Will AMC’s germinating Preacher adaptation stick close to its source material, or will it pull a Walking Dead and go its own way? That, perhaps, is the most pressing question for the fledgling series as writers Evan Goldberg and Seth Rogen mull over their scripting decisions in the press. Over the past month or so, conflicting reports from both Superbad authors have rolled in, making the ultimate shape that Preacher will take on television tricky to nail down. At times they’ve pledged to stay true to the comic, at others, less so.

Nobody ever said that transitioning anything from page to screen is easy, much less a serial as celebrated as Garth Ennis’ graphic tale of honor, duty, manhood, and faith. (“Graphic” in the literal sense. Preacher isn’t for the squeamish or easily offended.) So the clashing statements made by Goldberg and Rogen can be forgiven, if not completely understood. But it seems that the pair has finally picked a direction for interpreting Ennis’ work under the AMC brand, and that they’ll be willfully diverging from it.

How substantially remains to be seen for now, of course, but this comes secondhand from the horse’s mouth. Rogen, in a recent interview with Collider, talked a bit about his and Goldberg’s macro approach to writing the pilot, and how they’re trying to move narrative pieces into place before putting pen to paper; more importantly, he specifically touched on the fruitlessness of making a truly faithful adaptation of comic books. Here’s the full quote from Rogen:

“It’s pointless just to make a literal interpretation of the comics, if you want that experience you can go read the comics, so we’ve had to do a lot more work than I expected before we could actually start writing the pilot, honestly. We kind of have to shape the whole series in a weird way and think like, ‘Oh, what season would this character come in? When would you first introduce his guy? Where does this go? Why is this guy here?’ So that’s kind of what we’re doing now is shaping almost the whole series.”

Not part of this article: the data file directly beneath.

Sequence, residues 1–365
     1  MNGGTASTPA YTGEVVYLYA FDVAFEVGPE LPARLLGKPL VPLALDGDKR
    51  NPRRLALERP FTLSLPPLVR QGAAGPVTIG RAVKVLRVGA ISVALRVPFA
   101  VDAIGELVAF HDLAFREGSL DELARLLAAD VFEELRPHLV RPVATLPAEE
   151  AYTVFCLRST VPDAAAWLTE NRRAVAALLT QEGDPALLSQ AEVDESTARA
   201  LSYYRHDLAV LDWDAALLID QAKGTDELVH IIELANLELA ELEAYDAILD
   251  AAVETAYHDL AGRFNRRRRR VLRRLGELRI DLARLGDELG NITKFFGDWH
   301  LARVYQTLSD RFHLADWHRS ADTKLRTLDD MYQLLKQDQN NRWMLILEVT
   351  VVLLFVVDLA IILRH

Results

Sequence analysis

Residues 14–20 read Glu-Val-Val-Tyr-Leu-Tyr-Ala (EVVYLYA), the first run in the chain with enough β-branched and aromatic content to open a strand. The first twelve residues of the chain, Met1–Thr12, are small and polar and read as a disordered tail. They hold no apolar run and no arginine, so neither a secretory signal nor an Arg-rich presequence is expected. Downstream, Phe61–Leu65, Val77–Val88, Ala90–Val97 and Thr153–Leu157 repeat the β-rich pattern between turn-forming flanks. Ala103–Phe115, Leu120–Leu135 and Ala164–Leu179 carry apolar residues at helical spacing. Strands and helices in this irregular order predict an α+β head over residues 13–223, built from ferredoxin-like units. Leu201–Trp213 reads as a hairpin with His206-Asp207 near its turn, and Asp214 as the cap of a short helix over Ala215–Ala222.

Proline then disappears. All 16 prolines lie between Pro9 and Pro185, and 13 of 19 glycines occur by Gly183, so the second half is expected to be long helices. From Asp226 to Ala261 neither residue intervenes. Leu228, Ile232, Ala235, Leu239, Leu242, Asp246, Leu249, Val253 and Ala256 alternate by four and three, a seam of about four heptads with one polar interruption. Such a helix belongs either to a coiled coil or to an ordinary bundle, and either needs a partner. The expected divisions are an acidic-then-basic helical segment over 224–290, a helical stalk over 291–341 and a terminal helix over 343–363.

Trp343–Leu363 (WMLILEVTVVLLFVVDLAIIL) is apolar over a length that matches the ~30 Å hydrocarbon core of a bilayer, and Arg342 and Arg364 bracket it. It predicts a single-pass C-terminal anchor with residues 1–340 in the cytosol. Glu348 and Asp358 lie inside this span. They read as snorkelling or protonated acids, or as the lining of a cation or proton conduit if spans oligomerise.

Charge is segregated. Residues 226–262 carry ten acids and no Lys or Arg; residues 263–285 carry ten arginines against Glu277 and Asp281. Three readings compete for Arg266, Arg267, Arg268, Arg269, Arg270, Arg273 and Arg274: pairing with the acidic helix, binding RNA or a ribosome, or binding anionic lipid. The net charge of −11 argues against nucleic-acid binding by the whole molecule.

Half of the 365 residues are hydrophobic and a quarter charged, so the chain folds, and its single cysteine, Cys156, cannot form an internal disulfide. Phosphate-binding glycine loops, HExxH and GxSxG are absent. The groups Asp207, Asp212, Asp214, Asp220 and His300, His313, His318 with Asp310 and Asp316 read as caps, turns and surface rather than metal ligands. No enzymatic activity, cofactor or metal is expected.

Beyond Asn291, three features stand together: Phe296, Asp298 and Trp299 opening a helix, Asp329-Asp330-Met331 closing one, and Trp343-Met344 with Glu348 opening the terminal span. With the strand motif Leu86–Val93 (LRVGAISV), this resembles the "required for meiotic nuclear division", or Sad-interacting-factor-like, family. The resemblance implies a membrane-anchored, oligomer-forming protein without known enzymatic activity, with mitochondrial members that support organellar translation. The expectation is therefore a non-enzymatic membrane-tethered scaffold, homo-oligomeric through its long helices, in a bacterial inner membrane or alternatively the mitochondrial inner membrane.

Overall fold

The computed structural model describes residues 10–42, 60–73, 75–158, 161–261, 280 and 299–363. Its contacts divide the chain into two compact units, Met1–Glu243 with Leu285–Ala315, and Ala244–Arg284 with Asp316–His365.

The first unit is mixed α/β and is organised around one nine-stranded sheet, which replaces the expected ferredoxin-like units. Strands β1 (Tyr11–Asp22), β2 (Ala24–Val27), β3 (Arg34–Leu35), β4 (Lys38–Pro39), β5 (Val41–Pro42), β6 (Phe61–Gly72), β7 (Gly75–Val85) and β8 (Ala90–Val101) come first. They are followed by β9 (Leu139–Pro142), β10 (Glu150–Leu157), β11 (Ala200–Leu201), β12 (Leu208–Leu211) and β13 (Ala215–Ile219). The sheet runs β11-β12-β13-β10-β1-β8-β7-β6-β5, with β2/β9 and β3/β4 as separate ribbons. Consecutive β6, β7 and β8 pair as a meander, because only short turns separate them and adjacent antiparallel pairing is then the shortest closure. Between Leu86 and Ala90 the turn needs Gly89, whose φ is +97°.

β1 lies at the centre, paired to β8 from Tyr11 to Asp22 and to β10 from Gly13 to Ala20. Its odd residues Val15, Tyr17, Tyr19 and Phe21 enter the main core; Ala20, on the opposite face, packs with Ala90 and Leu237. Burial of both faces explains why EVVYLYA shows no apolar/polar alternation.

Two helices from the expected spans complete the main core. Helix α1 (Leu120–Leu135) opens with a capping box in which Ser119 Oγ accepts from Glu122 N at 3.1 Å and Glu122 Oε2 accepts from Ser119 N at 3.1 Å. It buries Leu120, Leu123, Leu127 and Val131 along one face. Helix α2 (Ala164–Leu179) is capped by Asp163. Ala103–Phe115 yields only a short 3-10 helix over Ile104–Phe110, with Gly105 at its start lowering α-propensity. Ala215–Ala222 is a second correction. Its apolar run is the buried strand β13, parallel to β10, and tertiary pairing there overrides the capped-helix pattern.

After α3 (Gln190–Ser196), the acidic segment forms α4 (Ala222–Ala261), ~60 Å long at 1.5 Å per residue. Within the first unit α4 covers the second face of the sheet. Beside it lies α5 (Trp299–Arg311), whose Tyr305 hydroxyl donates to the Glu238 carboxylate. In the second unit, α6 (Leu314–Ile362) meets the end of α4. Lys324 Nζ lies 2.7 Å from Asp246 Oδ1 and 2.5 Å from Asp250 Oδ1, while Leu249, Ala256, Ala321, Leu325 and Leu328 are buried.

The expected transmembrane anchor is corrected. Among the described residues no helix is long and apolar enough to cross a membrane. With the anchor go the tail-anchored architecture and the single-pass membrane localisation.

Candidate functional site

At face value, all of this makes sense; the ebb and flow of visual mediums like film and television is completely different from that of a book or a comic. That’s a fancy way of saying that transplanting the latter into the former requires a good deal of logistical maneuvering for best results. This is a lesson most recently learned in the Game of Thrones, which has already split one of George R.R. Martin’s novel across two seasons, but which also cropped up in Peter Jackson’s Lord of the Rings trilogy, which reconfigured the story’s timeline in big ways just to make everything fit into three films.

But there’s a downside to tinkering with a beloved property’s parts for the sake of adaptation – you risk either alienating or flat-out ticking off said property’s fans. Then again, maybe not; Game of Thrones and The Walking Dead have both proven that companies like HBO and AMC can get away with taking a sharp turn off the beaten path, so much so that they’re capable of taking their readers off guard. (And sometimes even the people at the helm.)

It could be that Rogen and Goldberg are just responding to the most recent trend in modern literary adaptations, or it could just be that they want to make Preacher their own. Either way, it sounds like they’re working toward a personalized vision of Ennis’ world of ceaseless cussing, harsh violence, vampires, angels, demons, serial killers, God, and more, and right now, that seems very much like it could be a good thing.

AMC’s Preacher TV series in currently in development.

Source: Collider